My shop does not have central air and does not have operable windows. There is a steel door in the back and cinderblock walls. My landlord is against me cutting a venting hole in either the steel door or the wall...any wonderful ideas, anyone, for how I can use a portable air conditioner here...it was murder here last summer!!!
Do you have a budget in mind for adding the ac? You can use a water-cooled unit, but plan to spend $1500 and up. These units can be hooked up to a water supply (sink, garden hose, etc.) and drained back to a sink, outside, or wherever is available.
The heat from the air is transferred to the water - much like a geothermal ac or heat pump works. We use these a lot in restaurant food storage rooms and for portable ac's at public events.
The so-called vent-less ac units work by dripping cool water over a screen in front of a fan. The humidity becomes unbearable and people will feel very uncomfortable quickly. Avoid these systems entirely.
If the steel door is of a standard size, see what it would cost to buy another door of the same size. Then ask the landlord if you can replace it with your own door, and cut a hole in that.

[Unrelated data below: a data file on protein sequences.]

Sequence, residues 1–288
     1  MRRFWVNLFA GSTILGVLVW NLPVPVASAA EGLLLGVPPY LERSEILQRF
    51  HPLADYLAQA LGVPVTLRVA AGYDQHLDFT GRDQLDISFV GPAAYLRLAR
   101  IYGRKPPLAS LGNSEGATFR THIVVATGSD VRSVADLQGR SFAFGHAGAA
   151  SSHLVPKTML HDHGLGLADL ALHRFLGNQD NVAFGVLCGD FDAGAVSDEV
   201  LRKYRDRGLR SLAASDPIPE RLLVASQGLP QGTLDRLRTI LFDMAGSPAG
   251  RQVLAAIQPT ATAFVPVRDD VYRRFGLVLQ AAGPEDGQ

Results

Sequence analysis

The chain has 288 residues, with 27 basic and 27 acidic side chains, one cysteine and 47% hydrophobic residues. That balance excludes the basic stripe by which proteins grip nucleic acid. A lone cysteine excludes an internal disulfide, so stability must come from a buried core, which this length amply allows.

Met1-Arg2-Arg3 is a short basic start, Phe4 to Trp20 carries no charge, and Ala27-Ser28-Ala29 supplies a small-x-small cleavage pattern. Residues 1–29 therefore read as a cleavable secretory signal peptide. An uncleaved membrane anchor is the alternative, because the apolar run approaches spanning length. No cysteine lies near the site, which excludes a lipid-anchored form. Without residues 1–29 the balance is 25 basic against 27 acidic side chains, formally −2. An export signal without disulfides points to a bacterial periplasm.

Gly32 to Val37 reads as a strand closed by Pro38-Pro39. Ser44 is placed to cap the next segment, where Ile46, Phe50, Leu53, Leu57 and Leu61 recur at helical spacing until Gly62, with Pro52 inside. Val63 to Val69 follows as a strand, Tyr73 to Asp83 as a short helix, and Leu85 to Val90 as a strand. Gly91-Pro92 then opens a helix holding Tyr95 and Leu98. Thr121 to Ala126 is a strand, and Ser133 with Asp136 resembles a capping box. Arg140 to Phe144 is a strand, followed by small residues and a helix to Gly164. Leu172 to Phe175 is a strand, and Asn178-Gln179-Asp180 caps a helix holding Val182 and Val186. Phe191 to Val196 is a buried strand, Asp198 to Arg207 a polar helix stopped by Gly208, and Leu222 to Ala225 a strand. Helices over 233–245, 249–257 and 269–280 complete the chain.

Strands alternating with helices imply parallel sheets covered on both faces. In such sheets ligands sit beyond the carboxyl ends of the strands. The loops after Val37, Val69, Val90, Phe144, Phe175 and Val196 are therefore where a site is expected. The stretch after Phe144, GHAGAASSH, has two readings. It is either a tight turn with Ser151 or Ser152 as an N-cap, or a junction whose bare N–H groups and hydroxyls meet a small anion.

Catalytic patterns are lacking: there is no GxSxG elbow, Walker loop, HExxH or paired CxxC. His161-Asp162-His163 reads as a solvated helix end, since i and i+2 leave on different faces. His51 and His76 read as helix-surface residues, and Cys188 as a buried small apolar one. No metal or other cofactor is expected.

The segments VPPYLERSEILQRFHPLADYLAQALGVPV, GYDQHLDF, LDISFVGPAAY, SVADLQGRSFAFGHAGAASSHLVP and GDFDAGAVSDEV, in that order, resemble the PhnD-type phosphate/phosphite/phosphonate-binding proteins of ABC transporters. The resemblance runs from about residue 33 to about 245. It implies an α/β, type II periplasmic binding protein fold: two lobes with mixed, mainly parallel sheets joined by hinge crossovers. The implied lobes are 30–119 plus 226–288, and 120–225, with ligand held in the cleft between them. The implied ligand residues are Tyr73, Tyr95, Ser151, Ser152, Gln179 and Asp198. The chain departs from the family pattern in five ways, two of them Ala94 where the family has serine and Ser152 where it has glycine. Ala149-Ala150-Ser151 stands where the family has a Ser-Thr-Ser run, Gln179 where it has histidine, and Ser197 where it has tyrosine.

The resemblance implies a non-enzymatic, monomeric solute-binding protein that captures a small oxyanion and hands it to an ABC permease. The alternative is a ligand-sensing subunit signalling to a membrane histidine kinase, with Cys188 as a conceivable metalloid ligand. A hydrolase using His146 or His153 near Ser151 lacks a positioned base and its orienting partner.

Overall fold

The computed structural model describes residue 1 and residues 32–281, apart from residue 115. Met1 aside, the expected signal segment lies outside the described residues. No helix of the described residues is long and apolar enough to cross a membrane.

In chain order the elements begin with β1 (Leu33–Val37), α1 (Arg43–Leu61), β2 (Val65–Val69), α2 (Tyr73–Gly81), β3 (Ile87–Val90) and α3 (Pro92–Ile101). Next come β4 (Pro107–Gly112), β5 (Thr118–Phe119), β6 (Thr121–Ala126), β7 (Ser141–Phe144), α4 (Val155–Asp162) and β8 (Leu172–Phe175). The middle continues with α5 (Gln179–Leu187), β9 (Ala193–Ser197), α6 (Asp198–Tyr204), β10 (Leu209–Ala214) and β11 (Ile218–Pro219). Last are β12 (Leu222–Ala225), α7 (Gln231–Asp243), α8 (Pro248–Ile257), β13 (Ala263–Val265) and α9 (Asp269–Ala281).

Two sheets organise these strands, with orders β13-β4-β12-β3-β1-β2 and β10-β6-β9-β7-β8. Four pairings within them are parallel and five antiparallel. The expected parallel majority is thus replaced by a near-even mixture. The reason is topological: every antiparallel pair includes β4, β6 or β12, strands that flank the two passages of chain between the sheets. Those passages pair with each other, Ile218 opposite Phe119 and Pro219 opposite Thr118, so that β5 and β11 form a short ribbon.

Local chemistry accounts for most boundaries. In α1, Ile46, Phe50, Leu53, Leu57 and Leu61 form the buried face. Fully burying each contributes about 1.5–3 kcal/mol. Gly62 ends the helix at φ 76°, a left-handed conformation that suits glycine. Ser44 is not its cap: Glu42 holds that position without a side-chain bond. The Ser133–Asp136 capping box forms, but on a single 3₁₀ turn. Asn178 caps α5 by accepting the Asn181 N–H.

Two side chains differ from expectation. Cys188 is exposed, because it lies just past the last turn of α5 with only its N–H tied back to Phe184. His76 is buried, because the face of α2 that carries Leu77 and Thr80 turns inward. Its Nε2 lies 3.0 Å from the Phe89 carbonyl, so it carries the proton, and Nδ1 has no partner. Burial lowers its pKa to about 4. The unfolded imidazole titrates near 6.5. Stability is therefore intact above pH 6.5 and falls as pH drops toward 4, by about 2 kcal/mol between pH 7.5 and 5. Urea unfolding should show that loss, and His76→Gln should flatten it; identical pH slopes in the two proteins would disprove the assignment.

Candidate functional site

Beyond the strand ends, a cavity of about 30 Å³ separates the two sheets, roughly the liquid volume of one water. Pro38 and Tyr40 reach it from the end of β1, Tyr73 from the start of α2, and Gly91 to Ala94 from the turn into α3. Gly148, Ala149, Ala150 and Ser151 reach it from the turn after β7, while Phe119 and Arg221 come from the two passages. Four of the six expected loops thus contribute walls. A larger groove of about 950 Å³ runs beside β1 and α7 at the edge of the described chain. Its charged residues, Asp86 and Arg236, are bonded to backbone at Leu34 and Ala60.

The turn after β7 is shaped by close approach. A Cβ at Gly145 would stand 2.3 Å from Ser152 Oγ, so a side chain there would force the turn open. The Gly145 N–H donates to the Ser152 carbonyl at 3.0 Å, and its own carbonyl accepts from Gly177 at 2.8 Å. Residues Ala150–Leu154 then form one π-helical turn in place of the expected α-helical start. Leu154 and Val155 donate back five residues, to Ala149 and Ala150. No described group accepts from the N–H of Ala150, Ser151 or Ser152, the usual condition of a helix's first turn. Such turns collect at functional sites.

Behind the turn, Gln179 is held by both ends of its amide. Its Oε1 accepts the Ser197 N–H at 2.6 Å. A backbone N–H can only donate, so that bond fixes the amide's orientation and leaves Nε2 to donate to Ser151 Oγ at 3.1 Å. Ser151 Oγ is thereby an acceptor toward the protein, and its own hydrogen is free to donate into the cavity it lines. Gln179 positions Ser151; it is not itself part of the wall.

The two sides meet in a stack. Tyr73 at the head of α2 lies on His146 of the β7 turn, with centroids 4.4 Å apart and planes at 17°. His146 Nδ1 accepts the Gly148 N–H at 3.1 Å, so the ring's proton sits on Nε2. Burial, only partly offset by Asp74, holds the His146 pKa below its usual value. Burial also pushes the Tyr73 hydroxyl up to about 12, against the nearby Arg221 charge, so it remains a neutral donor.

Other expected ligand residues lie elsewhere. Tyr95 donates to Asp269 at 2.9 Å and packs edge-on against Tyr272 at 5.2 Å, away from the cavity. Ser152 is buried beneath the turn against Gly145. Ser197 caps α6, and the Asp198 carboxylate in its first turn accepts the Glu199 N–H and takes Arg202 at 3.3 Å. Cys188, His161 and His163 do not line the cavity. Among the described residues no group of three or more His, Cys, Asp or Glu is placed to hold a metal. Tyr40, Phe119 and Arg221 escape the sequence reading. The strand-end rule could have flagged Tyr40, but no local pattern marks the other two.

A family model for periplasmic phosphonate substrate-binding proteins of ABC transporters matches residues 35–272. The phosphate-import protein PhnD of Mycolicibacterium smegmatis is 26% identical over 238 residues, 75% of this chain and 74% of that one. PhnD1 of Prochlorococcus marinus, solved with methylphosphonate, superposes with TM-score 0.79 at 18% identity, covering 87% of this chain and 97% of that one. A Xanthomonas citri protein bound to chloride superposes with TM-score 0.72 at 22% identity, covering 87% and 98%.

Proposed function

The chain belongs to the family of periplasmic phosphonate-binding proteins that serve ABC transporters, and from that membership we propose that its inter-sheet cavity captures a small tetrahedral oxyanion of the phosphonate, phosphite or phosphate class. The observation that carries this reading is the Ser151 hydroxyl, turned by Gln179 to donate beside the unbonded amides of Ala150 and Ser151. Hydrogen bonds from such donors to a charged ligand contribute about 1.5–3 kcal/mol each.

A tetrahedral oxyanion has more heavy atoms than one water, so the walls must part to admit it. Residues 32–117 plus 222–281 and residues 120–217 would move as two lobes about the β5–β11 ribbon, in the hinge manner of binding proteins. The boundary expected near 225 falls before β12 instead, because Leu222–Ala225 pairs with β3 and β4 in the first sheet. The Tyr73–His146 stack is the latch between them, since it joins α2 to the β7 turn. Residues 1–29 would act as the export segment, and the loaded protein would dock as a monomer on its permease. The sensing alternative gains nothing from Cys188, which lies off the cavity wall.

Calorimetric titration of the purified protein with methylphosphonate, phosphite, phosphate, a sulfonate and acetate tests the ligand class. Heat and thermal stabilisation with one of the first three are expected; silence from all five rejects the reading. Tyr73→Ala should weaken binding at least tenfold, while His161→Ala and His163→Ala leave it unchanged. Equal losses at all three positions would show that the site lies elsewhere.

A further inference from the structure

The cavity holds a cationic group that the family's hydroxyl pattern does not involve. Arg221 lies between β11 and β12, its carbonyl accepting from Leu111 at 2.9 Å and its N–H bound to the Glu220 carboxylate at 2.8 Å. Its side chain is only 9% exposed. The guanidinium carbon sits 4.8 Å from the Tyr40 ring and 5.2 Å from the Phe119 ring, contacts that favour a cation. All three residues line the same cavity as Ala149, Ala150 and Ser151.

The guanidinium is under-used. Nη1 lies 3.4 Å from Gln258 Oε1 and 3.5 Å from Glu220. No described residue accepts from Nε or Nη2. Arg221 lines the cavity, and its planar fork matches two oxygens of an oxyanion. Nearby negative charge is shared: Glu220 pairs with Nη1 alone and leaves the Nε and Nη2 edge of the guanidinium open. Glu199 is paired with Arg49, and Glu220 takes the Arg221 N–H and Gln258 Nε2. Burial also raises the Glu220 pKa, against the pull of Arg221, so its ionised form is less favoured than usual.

In the optimal case this would just require lifting the old door off the hinges and the new door in its place. At most you have to unscrew the hinges and move the lock from one door to another.
I'll bet you can take a piece of OSB, cut it just smaller than the jamb of the door, put some pipe insulation around it, and make a press-to-fit door. Cut a vent in the middle, hook up the AC hose and you're done. It will only work when you are there.
Idea 2 - move involved. Open the door so there is a gap of about 8". Now build a frame around the door as it is open; you will probably need to wrap both the top and the bottom to make the frame work. Vent through the jamb.
There are ventless portable a/c units. they are typically in the 5,000 BTU range. They have a container that holds the moisture that is removed from the air which you must empty manually. In very high humidity areas it can become full in as little as a few hours. As you can imagine they are not particularly efficient as the heat it generates is contained in the room. They work best for small rooms like an office or bedroom.
Land lord said nothing about a hole in the roof :)
Roof vents are -really- easy to install, and look great when done properly! The directions on the box will tell you everything you need to do, but really it really is just as simple as cutting a hole in the roof, caulking, and tucking under a few shingles!
If they don't go for a roof vent, you could use an under-eave vent depending on how the structure is designed.
Check out that link i think you all will like it the design is funky af but hey it's a really a/c and you don't need to vent the exhaust yup no vent house mind you they make these all different price is around the same $237 - $500
Let me know what ya think.